Old/New Baby, Luke Winslow-King. On Old/New Baby, Winslow-King combines the sensibilities of contemporary songwriting with the sounds of classic New Orleans jazz. Unlike Paul Sanchez, King eschews contemporary brass band embellishments in favor of Creole waltzes, rags, and what came to be known as Dixieland. Winslow-King has plainly spent time studying and learning the genre, as the arrangements on Old/New Baby are much more than novelties: They support and extend the lyrics and melodies, creating a tightly integrated and innovative set of tunes. Moreover, Winslow-King has a gift for writing hooks, as the album overflows with hummable melodies. His soft, unobtrusive vocals seem just right for the material. At 36 minutes, the album is too short, but that's a minor critique when the time spent listening is so enjoyable.
Style rules for catching Mardi Gras beads...
Style rules for catching Mardi Gras beads...
Sunday, November 8, 2009
Saturday, November 7, 2009
There's not much to add. We've all read about the individual acts of heroism that day. We've all wondered how a psychiatrist, of all people, could so tragically lose his bearings. Deep down, we all know that the victims are casualties of war as sure as if they were stationed in Baghdad or Kabul. We can only hope that this calamity reinforces the President's plans to withdraw our troops from Iraq and gives him pause as he considers increasing our commitment in Afghanistan...
Portraits created for families who lost theirs in Hurricane Katrina...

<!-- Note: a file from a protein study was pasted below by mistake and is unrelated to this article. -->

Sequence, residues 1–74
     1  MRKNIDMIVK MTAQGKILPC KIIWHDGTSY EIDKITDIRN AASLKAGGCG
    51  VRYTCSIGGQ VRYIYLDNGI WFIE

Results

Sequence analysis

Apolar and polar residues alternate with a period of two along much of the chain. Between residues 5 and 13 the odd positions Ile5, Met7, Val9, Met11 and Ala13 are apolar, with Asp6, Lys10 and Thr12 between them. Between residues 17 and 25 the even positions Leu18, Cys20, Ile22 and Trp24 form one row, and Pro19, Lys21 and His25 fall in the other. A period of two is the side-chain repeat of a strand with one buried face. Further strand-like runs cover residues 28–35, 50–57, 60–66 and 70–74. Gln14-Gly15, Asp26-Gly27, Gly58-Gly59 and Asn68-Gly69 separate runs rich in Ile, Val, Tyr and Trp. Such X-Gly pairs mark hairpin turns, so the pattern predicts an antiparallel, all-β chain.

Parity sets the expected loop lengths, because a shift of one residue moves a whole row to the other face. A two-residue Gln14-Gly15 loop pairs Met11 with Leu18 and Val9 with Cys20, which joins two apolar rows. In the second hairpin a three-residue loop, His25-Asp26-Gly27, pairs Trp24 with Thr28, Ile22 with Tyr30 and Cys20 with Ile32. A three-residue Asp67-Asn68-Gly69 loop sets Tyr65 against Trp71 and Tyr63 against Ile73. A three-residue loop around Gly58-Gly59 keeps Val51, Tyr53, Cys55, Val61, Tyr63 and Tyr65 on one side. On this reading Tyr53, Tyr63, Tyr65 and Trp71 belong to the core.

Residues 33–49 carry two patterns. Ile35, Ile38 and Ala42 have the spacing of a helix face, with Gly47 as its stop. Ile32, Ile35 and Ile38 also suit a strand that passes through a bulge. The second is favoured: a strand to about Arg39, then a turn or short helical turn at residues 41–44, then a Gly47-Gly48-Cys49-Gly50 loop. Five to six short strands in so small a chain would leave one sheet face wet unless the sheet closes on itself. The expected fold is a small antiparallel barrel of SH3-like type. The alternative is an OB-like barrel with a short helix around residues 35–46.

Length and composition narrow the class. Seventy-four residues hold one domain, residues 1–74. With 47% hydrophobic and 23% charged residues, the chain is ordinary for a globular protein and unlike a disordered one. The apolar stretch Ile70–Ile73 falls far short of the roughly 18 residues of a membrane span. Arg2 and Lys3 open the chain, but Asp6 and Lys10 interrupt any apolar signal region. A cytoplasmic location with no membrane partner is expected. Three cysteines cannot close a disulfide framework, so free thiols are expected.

Wednesday, November 4, 2009
You can read anything into anything. El Rushbo thinks that the Democrats losing the New Jersey governorship is like Stalin losing Moscow. (Go here for a more nuanced analysis.) Republicans crow over their gubernatorial triumphs in New Jersey and Virginia just as they diminish the impact of their defeat in NY-23. Democrats will shrug and point out that neither defeat was unexpected and that the winner of NY-23 defeated a candidate of the extreme right.
It's true that there's more to this than meets the eye. In Jersey, budget deficits forced Democratic governor Jon Corzine reneged on a campaign pledge to reduce one of the nation's highest property tax rates. Virginia Democrats split their primary votes between two liberals and wound up nominating a conservative Democrat who did little to rally the party base. Moreover, Democrats had held the State House for eight years; Virginia voters arguably went for change.
Of greater interest to me is the NY-23 special election to fill a congressional vacancy created when President Obama nominated Republican congressman John McHugh to be Secretary of the Army. When 23rd District Republicans selected a moderate candidate to run for the seat, conservatives reacted by getting behind an ultraconservative (and comically ignorant) third-party candidate. This candidate gained support from mainstream Republican politicians and, shortly before the election, effectively forced the moderate from the race. The moderate endorsed Democrat Bill Owens, who won the election with 49% of the vote.
So what does it mean? While the 23rd went heavily for Barack Obama, it has also been traditionally represented by a Republican. It's one more loss for Republicans in a region of the country that trends inexorably blue. It also illustrates the dilemma posed by wingnut conservatism: In many parts of the country, it will be strong enough to push the party even further into extremism while simultaneously creating the conditions for defeat in the general election. Suits me...
They Reminisce Over You (T. R. O. Y.)...
Russell's Cleaners, Tulane Avenue...